The following history was publish in installments from Dec. 2011 - October 2012
The Earth Liberation Front is a group of multiple cells acting throughout the world with these three objectives:
1.To inflict maximum economic damage on those profiting from the destruction and exploitation of the natural environment
2.To reveal and educate the public about the atrocities committed against the earth and all species that populate it.
3.To take all necessary precautions against harming any animal - human and nonhuman.
Music blared as we took the streets downtown, holding together in tight formation. Pairs and threes sporadically broke away from the group to hand out fliers, wheatpaste posters, put up stickers, confront journalists, or set off small fireworks. We made a quick stop to yell at the jail, and then made our way south, taking all three lanes of College Ave. At this point, undercover cops who had been zigzagging around town on foot tailing the march grabbed two comrades, one of whom was in the process of spray painting “BURN THE PRISONS” on a wall. The two were quickly de-arrested and made getaways, much to the chagrin of the burly undercovers. Unable to put any humans behind bars, they settled for snatching and destroying our sound cart.
Every four years in American society, critical theorists are offered a veritable human circus of entertainment, as we bear witness to the farce of electioneering.
Every four years, for a month or so, the hum drum apolitical citizen becomes inundated with rhetoric of Country, platforms for change, criticisms of their opponent, and a host of carefully crafted messages designed to invigorate the populace for a short while—just long enough to vote, and then to once again disengage. During these times, not only is the system tasked with self-regulating the choice of candidates presented to the voters, but there is also the issue of the larger system’s maintenance. In this manner, the system must preserve its veil, because as Max Weber (1997, 325) notes, “all systems of authority…attempt to establish and to cultivate the belief in [their] legitimacy.” If the population disengages and begins to call into question the legitimacy of the system, this presents a far greater challenge than any rogue candidate could ever offer.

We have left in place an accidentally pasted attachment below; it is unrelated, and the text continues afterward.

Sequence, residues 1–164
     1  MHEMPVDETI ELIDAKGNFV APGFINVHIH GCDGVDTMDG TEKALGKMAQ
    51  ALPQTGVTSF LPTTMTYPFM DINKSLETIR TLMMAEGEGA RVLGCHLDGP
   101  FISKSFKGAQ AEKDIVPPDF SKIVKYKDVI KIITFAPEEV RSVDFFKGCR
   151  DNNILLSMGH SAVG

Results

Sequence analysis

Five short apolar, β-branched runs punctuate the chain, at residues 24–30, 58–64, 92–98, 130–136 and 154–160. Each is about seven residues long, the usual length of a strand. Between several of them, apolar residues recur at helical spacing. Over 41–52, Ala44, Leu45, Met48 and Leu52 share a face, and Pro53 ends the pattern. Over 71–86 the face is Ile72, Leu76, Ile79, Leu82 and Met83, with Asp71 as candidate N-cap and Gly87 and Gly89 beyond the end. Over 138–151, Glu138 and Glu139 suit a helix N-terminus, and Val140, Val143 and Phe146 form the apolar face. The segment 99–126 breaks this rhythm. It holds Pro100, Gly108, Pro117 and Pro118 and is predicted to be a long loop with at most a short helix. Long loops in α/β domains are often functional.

Remember, Remember the Fifth of November! Anarchists and Activists take the Army to Court of Appeals! Support is Needed!
When: November 5th, 8:45am (Court starts at 9:00am)
Where: Kenzo Nakamura United States Courthouse at 1010 Fifth Ave in Seattle, 7th Floor
You need ID to enter the building.
On November 5th, a lawsuit filed in 2009 by antiwar activists against Army spy John Towery will go before the Ninth Circuit Court of Appeals in Seattle, WA. Towery was outed as an informant after public records requests revealed he had infiltrated antiwar groups and spied on activists and anarchists. Panagacos v Towery is a landmark civil liberties case that comes at a time of increased political repression of Pacific Northwest anarchists. The lawsuit is against the Army, Navy, Air Force and countless law enforcement agencies.
Revolutionary upheaval comes in waves. Right now, in Montréal, we are long after the zenith of the strike—which was probably in late April and early May—but we are almost certainly no longer at the absolute nadir of struggle either. Compared to other places nearby, the wavelengths here are pretty short, and that’s a good thing. Although many militants have returned to class and normal work-a-day life, and although many have yet to come to terms with the reality of the strike’s end and their legitimate frustration at that fact, many people are still throwing themselves whole-heartedly into various struggles and doing what they can to destroy the newly restored illusion of social peace, interrupt the functioning of the capitalist economy, and create conditions amenable for revolution.
The first signs of winter are in the air and morale seems low. This is a perfect time to sit by a fire and read a good book or two. A time to conspire, prepare for future activities, and stay out of the cold. We have some morale boosters and some rich offerings for future conflicts.
This fall/winter promises to be filled with opportunities to meet, celebrate, and talk about the ideas and projects that inspire us. We will be present at both the Boston & Carrboro bookfairs. In addition we are participating in the first annual East Bay Anarchist Bookfair in the distant city of Oakland, CA (we are based in Berkeley, CA).
Are we cooperative or competitive?